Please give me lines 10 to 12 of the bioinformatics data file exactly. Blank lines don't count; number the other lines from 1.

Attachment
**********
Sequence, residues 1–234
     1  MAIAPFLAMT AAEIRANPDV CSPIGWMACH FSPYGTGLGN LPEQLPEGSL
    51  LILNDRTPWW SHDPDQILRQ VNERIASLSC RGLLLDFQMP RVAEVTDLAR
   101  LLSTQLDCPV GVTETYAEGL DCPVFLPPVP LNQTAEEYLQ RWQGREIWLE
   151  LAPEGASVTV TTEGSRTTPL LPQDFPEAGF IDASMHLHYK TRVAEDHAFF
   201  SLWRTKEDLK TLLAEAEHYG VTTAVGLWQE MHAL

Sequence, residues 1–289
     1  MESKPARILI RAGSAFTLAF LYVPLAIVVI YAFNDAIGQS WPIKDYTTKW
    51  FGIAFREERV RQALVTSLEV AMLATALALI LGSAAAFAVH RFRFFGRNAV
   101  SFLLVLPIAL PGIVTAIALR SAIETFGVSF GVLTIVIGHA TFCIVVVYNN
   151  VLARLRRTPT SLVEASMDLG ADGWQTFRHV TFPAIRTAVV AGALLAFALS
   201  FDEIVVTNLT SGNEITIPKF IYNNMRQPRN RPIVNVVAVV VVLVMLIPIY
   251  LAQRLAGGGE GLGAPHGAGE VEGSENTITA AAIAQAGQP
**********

   101  SFLLVLPIAL PGIVTAIALR SAIETFGVSF GVLTIVIGHA TFCIVVVYNN
   151  VLARLRRTPT SLVEASMDLG ADGWQTFRHV TFPAIRTAVV AGALLAFALS
   201  FDEIVVTNLT SGNEITIPKF IYNNMRQPRN RPIVNVVAVV VVLVMLIPIY